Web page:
One year left.
One year left in my twenties.
One year left until I fall into Proper Adult territory and I have to start preparing myself for wrinkles and grey hairs.
One year left to get my 30 Before 30 list ticked off. Shit. I better start booking my trip to Peru. And I need to put in a bit more overtime if I’m going to have any chance of getting a promotion. No idea if I’m going to be able to get a dog, though. Not with all that bloody overtime I work.
Ah, postie. Let’s see if anyone’s bothered to put a card in the post.
Mum has. Can always rely on my mother to make me feel loved. It’s a right soppy bastard of a card, though.
To My Precious Daughter
Thinking of you on this special day,
Sending all my love straight your way.
You complete my world and make my day…
Blah, blah, blah. Four bloody verses. Why does she always buy birthday cards that are more like novellas? Let’s see what she’s written.
Please visit Number 15 on Hackton Street to begin your treasure hunt. I’ll see you soon.
All my love,
Fucking treasure hunt! Yes, Mum! You can’t get away with a treasure hunt past 30. She’s a good egg is my mother.
Wish I had someone to go with, but I suppose that’s another thing I won’t manage to tick off my 30 Before 30 unless by some miracle I meet a man and drag him down the aisle within a year. There’s still some hope, I guess.
15 Hackton Street is a florists called “Blooms and Plumes”. Nice. I go inside and am instantly smothered by the sickly sweet scent of flowers.
“Hello, I’ve been sent by my Mum to –”
“Kate, is it?”
I nod. The florist bends down behind her counter and retrieves the biggest, most beautiful bunch of flowers I’ve ever seen, all wrapped in a beautiful white bow. There’s a little card attached to it.
“Best read the card now, love,” the florist says knowingly.
I retrieve it from its envelope eagerly.
Please visit number 176 James Road.
All my love,
On I go.
IT’S A BLOODY CAKE SHOP, ISN’T IT?!
My mum’s the best. I hope it’s chocolate flavour. With strawberries on top.
It must be a good bakery because the place is rammed. Guess I’ll be waiting a while.
“Kate is it?” says a guy behind the counter.
How does he know my name? I nod at him and he beckons me forwards. The people around me look pissed that I’m skipping ahead, but sod them. It’s my birthday.
“Saw your flowers and assumed you’re the birthday girl,” he says, with a sad smile. It’s almost a sympathetic smile. Perhaps he knows I only have on more year in the twenties.
He places a huge box on the counter and opens the lid with a flourish. There’s a message piped on the cake.
Go to 67 Sheldon Lane.
It’s a chocolate cake with strawberries on top. Win.
A card shop. God, I hope I’m not going to be handed another four-page greetings card. I can’t handle any more schmaltz.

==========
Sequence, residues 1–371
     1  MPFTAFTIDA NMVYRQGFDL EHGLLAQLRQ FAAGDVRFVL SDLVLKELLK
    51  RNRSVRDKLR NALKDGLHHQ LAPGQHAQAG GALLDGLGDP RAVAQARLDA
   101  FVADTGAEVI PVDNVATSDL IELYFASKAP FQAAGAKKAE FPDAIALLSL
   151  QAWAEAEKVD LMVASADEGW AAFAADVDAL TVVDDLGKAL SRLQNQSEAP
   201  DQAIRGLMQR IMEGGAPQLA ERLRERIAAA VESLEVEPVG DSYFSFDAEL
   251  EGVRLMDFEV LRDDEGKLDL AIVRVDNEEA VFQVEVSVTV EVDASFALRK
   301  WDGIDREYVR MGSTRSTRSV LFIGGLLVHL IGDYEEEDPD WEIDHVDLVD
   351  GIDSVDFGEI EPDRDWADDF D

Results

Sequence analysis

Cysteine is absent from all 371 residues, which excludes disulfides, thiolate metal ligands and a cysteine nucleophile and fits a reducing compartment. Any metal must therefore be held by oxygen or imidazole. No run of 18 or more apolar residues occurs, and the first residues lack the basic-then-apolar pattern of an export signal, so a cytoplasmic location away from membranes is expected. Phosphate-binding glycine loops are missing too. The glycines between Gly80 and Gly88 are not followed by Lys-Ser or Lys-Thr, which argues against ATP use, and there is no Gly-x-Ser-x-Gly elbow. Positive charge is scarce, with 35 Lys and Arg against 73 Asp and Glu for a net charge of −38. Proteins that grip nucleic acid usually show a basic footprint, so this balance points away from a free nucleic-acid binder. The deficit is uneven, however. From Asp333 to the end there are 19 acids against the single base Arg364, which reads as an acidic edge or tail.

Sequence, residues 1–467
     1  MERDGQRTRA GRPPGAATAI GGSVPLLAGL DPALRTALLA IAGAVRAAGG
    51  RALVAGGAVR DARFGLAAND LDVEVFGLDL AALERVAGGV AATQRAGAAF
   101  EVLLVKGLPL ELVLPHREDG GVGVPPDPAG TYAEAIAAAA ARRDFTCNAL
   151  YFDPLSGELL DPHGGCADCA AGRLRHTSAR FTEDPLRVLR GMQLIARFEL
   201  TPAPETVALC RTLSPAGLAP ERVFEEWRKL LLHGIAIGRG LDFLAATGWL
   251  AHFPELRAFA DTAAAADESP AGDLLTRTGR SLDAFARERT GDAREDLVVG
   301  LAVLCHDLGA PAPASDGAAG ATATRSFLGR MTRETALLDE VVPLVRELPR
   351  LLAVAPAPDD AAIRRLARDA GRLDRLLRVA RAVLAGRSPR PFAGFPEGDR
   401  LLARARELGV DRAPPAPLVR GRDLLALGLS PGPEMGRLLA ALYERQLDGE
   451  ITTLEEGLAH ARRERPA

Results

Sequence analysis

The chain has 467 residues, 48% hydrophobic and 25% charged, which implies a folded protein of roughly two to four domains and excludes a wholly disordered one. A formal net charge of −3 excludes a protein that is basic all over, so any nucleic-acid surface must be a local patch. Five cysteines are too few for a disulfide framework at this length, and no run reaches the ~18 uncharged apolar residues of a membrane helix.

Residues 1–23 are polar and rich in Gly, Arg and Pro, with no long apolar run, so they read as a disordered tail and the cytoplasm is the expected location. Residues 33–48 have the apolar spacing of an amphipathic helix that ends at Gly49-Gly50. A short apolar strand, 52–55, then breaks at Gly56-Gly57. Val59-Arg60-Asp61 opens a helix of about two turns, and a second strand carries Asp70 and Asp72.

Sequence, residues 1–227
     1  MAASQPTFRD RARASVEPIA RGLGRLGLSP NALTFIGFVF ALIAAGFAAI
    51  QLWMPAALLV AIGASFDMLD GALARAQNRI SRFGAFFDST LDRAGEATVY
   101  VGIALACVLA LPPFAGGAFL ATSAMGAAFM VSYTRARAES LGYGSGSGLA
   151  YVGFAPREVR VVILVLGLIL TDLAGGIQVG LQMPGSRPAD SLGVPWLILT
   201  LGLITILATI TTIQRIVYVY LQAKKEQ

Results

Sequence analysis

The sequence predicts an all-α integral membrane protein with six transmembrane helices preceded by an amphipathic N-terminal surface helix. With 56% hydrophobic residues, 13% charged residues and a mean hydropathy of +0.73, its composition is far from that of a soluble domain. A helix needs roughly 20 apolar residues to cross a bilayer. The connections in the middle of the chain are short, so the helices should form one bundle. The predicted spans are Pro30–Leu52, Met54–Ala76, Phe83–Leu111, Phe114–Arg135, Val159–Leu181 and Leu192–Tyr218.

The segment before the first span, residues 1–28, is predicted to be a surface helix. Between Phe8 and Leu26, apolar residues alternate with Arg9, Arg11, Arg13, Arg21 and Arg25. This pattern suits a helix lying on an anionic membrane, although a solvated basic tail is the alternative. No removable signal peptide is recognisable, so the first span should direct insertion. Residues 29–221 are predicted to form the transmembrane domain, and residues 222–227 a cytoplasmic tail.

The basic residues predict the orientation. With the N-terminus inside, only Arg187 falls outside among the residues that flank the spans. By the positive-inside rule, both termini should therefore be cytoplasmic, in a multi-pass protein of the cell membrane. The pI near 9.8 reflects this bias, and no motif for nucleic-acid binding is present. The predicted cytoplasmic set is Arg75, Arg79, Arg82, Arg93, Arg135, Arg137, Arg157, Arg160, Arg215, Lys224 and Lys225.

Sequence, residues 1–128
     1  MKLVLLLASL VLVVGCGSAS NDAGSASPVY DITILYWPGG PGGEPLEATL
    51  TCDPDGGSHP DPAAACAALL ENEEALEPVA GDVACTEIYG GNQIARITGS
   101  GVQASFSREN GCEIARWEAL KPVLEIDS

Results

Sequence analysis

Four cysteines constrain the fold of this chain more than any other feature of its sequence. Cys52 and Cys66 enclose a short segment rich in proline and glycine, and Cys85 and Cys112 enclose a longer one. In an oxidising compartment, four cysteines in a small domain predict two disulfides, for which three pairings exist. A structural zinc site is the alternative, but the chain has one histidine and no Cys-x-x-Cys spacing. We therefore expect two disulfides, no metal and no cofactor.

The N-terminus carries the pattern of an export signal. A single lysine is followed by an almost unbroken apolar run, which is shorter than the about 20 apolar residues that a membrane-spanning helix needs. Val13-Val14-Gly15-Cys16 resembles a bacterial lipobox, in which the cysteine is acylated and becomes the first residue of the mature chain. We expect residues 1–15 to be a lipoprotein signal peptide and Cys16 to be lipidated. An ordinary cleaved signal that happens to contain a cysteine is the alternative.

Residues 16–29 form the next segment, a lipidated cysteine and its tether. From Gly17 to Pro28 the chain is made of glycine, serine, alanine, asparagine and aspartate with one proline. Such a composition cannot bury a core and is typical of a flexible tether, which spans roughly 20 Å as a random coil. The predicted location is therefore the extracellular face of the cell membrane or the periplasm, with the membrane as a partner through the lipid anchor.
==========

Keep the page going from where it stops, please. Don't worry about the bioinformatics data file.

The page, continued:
Ah, balloons. I can see them at the back of the shop – they’ve got my face on them. Cringe.
“Thank goodness you’re here. I’m sick of these balloons cluttering up my shop, missus.”
“Sorry,” I say with an apologetic smile, but I don’t know why; it’s not like I ordered 30 odd bloody helium balloons with my own mug printed on them. I’m going to have to carry them through the streets, aren’t I? How embarrassing.
The grumpy shop owner hands over the strings, and I see there’s a gift tag attached.
Meet me at The Cross Keys Inn for a drink. Mum x
I was quite hoping to have some free time to review my 30 Before 30 list – see which ones I could try and tick off quickly. I could probably go on the London Eye sometime soon. Maybe I’ll drag Mum along with me. She’d like a nice day out in “that London” as she calls it.
Oh well, a birthday drink will be nice, I suppose. She better be buying.
The pub looks closed. I can’t see any lights on in the windows. I hope I haven’t got the wrong Cross Keys. There’s three of them in this town alone, but it’s usually this one we go to. Must make mental note to call my pub something a bit more unique when I get around to opening one. Was that on my 30 Before 30 list? If it is I suppose it’ll have to be moved over to 40 Before 40. Is that even a thing? Maybe it shouldn’t be. Sounds like a lot of pressure.
I better try the doors, I suppose. Maybe they’re just trying to conserve electricity.
I guess so, because it’s open. And it’s eerily quiet inside.
Everyone’s laughing at me. And I mean everyone. Everyone’s here. Work people, old friends from high school, all the relatives. Is that? Shit, it is; it’s my ex-boyfriend. Gross. What are they all doing here? It’s only my 29th, for God’s sake.
I look at Mum, and then I look at the banner that’s pinned up across the wall behind her. Then I look at her again. She looks sheepish.
“Yes. I’ve got some news, love.”
I look at the banner again.
Happy 30th Birthday!
30? Does she really think it’s my 30th? God, this is so embarrassing.
“I’m 29, Mum.”
“No. I’m sorry, love. You’re 30. I checked your birth certificate. I’d got your birthday muddled for years.”
I go cold. Then I go all hot and I think I’m going to be sick. I gawp at her, and at everyone around her. They’re all wincing.
“How could you get it a whole year wrong?”
“Well I was dosed up on co-codamols the first few years of your life. You ripped me from here to here, I was in a lot of pain,” she says. Everyone winces even harder. “I didn’t know my arse from my elbow, love, never mind the year. I’m so sorry.”
This can’t be happening.
I’ve lost a year of my life. A whole year. Which birthday did I celebrate twice over? How could this have happened?
“My 30 Before 30,” I say. “I’ve achieved nothing.”
Everyone’s looking at me like I’ve just been told I’m dying. Stevie Wonder’s Happy Birthday is blaring painfully loudly without anyone speaking and I wish I could tell him to piss off.
“Glass of champers?” says a member of the bar staff. He’s holding a glass and a bottle.
I smile at him and take the bottle gratefully. “Can I just have a big straw?” I say.Follow Ellie Scott on WordPress.com